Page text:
Aurang : A Persian term for ‘warehouse’; a place, where goods are stored before being sold.
Bandanna : This word is derived from the word ‘bandhna’, which referred to a variety of brightly-coloured cloth produced through the method of tying and dying. Nowadays, this denotes a coloured and printed scarf for the neck or head.
Bellows : A device or equipment capable of pumping air.
Charkha and Takli : These were domestic spinning instruments. The thread was spun on the charkha and rolled on the takli.
Chintz : This word is derived from the Hindi word ‘chhint’, which is a type of cloth with small and colourful flowery designs.
Muslin : Lightweight cotton cloth with a plain weave.
Rangrez : This referred to the dyer who dyed the cloth.
Slag heaps : The leftover waste while smelting metals.
Smelting : The process of deriving metal from rock or soil by heating it to very high temperature, or the process of melting metallic objects to make something new from them.
Spinning Jenny : A machine through which a single spinner could weave multiple spinners on to which the thread was spun. When the wheel was turned, all the spinners also rotated.
1720 : The British government implemented a legislation banning the use of printed cotton textiles called chintz.
1764 : Spinning Jenny was invented.
1786 : Invention of the steam engine.
1854 : First cotton mill was set up in India in Bombay.
1912 : TISCO (Tata Iron and Steel Company) started producing steel.
1914 : Start of the First World War.
1919 : The colonial government bought 90% of the steel produced by TISCO in India.
Indian Textile Industry
The Indian textile industry faced the following problems in the early years of its development :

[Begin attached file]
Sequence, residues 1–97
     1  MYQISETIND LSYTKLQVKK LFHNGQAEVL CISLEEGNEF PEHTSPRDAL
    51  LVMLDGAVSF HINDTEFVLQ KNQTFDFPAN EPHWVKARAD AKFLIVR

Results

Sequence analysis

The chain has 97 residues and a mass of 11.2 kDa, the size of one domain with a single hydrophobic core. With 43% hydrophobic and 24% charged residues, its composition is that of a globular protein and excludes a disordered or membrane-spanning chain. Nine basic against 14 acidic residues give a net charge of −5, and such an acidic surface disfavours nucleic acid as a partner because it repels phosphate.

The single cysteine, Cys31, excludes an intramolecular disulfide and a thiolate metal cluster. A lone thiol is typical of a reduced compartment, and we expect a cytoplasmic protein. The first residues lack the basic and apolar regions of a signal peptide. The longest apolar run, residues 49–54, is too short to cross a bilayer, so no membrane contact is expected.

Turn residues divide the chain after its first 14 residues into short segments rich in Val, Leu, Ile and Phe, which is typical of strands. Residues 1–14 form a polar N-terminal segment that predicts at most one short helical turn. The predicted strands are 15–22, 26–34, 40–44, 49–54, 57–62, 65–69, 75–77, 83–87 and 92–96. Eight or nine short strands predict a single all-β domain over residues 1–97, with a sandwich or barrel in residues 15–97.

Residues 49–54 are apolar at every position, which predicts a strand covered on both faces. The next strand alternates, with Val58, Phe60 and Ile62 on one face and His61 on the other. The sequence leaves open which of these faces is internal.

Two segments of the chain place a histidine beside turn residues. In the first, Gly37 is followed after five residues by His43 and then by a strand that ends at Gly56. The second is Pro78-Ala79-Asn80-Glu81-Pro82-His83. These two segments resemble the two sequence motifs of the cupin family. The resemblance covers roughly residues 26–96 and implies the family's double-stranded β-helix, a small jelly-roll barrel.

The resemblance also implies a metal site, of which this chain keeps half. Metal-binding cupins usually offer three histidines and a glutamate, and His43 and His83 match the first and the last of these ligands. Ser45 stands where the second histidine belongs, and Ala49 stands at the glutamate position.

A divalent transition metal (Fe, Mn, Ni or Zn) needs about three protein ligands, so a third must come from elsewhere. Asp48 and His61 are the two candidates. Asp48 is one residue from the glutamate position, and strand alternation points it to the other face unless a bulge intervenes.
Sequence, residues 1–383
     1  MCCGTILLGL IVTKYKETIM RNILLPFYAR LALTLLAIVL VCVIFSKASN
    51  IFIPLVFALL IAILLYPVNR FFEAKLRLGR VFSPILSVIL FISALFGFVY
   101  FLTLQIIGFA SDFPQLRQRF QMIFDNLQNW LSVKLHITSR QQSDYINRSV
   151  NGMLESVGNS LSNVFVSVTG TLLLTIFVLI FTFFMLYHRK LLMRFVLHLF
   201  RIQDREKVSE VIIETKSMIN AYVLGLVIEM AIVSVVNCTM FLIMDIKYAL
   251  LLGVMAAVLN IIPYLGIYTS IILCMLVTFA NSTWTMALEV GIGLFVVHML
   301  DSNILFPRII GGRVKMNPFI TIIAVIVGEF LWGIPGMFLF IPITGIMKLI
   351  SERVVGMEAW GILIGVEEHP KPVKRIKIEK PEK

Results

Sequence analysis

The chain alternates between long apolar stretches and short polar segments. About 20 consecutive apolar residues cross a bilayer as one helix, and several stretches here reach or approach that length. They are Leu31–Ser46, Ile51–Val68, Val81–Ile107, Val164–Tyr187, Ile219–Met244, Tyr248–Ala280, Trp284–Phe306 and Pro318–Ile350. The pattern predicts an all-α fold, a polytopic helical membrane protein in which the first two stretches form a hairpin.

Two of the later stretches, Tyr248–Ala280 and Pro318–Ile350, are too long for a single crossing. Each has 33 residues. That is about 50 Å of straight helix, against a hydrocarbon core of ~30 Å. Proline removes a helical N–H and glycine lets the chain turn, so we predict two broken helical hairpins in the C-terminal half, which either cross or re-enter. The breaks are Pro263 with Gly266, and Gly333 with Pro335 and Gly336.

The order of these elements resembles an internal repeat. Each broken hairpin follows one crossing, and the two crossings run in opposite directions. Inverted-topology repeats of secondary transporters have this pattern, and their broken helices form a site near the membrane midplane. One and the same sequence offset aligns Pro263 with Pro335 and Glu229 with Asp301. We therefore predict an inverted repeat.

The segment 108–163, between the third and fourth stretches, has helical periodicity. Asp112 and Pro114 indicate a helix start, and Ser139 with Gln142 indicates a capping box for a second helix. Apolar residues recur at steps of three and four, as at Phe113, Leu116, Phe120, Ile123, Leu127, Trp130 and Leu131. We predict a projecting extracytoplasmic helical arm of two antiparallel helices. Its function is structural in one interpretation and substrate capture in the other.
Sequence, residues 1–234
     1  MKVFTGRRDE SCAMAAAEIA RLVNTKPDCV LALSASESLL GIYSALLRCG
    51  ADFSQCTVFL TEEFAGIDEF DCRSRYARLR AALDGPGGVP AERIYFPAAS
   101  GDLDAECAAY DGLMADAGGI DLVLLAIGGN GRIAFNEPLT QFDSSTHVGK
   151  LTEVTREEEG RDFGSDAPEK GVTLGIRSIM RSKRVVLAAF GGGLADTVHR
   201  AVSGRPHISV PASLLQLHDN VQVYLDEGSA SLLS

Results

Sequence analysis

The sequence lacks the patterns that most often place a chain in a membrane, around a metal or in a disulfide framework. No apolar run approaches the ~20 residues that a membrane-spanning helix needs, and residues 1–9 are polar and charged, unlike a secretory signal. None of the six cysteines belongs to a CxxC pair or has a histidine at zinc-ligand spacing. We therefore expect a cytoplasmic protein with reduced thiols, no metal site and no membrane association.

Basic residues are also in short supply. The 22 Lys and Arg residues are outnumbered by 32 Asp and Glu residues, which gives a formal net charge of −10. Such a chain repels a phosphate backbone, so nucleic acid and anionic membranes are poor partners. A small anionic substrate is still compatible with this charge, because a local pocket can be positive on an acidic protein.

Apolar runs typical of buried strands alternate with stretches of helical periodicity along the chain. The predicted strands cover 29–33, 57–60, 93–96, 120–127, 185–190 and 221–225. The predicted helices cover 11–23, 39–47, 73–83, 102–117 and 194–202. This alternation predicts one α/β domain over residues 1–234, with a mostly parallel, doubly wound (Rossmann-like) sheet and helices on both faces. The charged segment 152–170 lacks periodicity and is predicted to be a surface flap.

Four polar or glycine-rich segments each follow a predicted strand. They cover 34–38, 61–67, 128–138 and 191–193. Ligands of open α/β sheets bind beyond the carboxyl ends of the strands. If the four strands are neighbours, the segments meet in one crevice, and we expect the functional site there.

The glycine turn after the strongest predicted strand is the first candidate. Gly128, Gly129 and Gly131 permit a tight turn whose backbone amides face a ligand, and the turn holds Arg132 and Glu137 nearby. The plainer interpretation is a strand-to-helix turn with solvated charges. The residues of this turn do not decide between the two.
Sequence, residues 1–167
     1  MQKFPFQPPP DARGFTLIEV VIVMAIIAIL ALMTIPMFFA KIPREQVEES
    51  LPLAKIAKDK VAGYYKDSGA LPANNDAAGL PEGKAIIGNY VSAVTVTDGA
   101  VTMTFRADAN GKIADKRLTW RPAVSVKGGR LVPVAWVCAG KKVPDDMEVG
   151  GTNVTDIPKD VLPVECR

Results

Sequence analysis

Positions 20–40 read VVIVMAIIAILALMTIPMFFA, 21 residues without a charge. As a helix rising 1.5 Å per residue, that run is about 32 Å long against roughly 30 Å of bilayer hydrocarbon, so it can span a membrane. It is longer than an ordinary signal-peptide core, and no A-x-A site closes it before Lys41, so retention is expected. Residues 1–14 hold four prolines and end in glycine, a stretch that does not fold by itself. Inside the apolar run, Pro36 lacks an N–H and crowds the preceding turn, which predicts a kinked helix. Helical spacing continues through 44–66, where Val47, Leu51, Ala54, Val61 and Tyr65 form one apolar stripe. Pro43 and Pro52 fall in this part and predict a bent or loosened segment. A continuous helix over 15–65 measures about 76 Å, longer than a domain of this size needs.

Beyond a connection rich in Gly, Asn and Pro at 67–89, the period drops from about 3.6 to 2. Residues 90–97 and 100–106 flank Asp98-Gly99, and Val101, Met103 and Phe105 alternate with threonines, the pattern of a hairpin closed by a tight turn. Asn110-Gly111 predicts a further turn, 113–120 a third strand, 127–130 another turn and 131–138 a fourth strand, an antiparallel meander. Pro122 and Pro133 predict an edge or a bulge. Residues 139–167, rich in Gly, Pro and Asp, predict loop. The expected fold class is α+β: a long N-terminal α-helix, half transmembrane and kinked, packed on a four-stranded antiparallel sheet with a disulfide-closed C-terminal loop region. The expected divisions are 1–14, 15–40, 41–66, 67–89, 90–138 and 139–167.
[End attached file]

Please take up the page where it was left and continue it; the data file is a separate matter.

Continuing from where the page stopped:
(a) Indian textiles had to compete with British textiles in the European and American markets. Exporting textiles to England also became increasingly difficult since very high duties were imposed on Indian textiles imported into Britain.
(b) By the beginning of the nineteenth century, the Englishmen became successful in making cotton textiles and they ousted Indian goods from their traditional markets in Africa, America and Europe.
(c) Thousands of weavers in India were now thrown out of employment.
(d) Bengal weavers were the worst hit. English and European companies stopped buying Indian goods and their agents no longer gave advances to weavers to secure supplies. Distressed weavers wrote petitions to the government to help them.
(e) The textile industry in India faced many problems. It found it difficult to compete with the cheap textiles imported from Britain.
(f) In most countries, governments supported industrialization by imposing heavy duties on imports, but colonial government in India did not provide support to the locals.
The problems faced by the Indian textile industry in the first few decades were :
(i) The Indian textile industry could not compete with the cheap textiles which were imported from Britain into Indian markets.(ii) In many other countries, governments supported the industrialization process by imposing heavy taxes on the imported goods to eliminate competition with local markets, but colonial government in India did not put any check on imported goods.(iii) The cotton industry in India got a slight relief during the First World War that affected the imports from Britain and the Indian factories were asked to produce cloth for military suppliers.